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Welcome to The Visible Embryo, a comprehensive educational resource on human development from conception to birth.

The Visible Embryo provides visual references for changes in fetal development throughout pregnancy and can be navigated via fetal development or maternal changes.

The National Institutes of Child Health and Human Development awarded Phase I and Phase II Small Business Innovative Research Grants to develop The Visible Embryo. Initally designed to evaluate the internet as a teaching tool for first year medical students, The Visible Embryo is linked to over 600 educational institutions and is viewed by more than ' million visitors each month.


WHO International Clinical Trials Registry Platform
The World Health Organization (WHO) has created a new Web site to help researchers, doctors and patients obtain reliable information on high-quality clinical trials. Now you can go to one website and search all registers to identify clinical trial research underway around the world!



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Disclaimer: The Visible Embryo web site is provided for your general information only. The information contained on this site should not be treated as a substitute for medical, legal or other professional advice. Neither is The Visible Embryo responsible or liable for the contents of any websites of third parties which are listed on this site.
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Pregnancy Timeline by SemestersFetal liver is producing blood cellsHead may position into pelvisBrain convolutions beginFull TermWhite fat begins to be madeWhite fat begins to be madeHead may position into pelvisImmune system beginningImmune system beginningPeriod of rapid brain growthBrain convolutions beginLungs begin to produce surfactantSensory brain waves begin to activateSensory brain waves begin to activateInner Ear Bones HardenBone marrow starts making blood cellsBone marrow starts making blood cellsBrown fat surrounds lymphatic systemFetal sexual organs visibleFinger and toe prints appearFinger and toe prints appearHeartbeat can be detectedHeartbeat can be detectedBasic Brain Structure in PlaceThe Appearance of SomitesFirst Detectable Brain WavesA Four Chambered HeartBeginning Cerebral HemispheresFemale Reproductive SystemEnd of Embryonic PeriodEnd of Embryonic PeriodFirst Thin Layer of Skin AppearsThird TrimesterSecond TrimesterFirst TrimesterFertilizationDevelopmental Timeline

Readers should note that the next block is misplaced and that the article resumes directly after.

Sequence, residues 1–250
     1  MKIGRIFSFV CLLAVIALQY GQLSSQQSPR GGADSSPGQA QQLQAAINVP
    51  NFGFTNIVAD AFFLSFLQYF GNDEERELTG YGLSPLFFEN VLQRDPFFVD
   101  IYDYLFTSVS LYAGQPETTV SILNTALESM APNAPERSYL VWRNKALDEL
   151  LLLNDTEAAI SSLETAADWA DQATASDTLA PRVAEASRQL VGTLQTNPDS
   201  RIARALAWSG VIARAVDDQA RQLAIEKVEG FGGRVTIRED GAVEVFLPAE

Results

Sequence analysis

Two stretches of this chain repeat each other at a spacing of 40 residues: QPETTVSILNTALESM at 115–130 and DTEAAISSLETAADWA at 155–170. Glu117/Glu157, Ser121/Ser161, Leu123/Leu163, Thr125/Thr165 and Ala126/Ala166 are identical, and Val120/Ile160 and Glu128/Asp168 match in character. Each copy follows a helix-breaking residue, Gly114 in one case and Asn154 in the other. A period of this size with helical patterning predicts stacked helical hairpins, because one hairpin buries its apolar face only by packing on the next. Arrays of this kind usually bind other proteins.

Click weeks 0 - 40 and follow fetal growth
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June 10, 2011--------News Archive

Hormone Test Helps Predict Success In IVF
Women with high levels of the hormone AMH produced more eggs for in vitro fertilization (IVF) procedures, and were more likely to have pregnancies.

Fragile X Protein Acts as Toggle Switch in Brain Cells
Research shows how the protein missing in fragile X syndrome – the most common inherited form of intellectual disability – acts as a molecular toggle switch in brain cells.


June 9, 2011--------News Archive

Early Light Refines the Brain’s Vision Circuitry
Light and sight are connected from the beginning.

Molecule Shared by Nervous and Vascular Systems
IRCM researchers show that a key molecule of the vascular system is essential for the formation of neural circuits.


June 8, 2011--------News Archive

Fetal Exposure to BPA Changes Uterus in Primates
Oral intake of BPA altered expression of HOX and WNT genes which are critical for uterine development.

Pregnancy Weight Gain Risks Fat Baby, Child, Adult
Women who gain too much weight during pregnancy tend to have newborns with a high amount of body fat, regardless of the mother's weight before pregnancy.


June 7, 2011--------News Archive

Exposure to BPA Has Been Underestimated
New research results indicate BPA accumulates more rapidly within the body than previously thought.

Pregnant Women Can Prevent Excess Weight Gain with Simple Steps
Women who did not self-weigh gained an average of 15.2 pounds.


June 6, 2011--------News Archive

Programming Disease by Gender
Excess maternal stress can program adverse health effects through multiple generations, especially in boys.

Birth Control Pill for Men On the Horizon?
But to make the pill a reality, research needs to show that the compound is safe, effective – and reversible.

Finding How Pre-gut Cells Become Focused
Research has outlined exactly how specific cells in sea-urchin embryos become the endoderm, the domain that eventually forms the gut.

Found, Genetic Mutation Causing Excess Hair Growth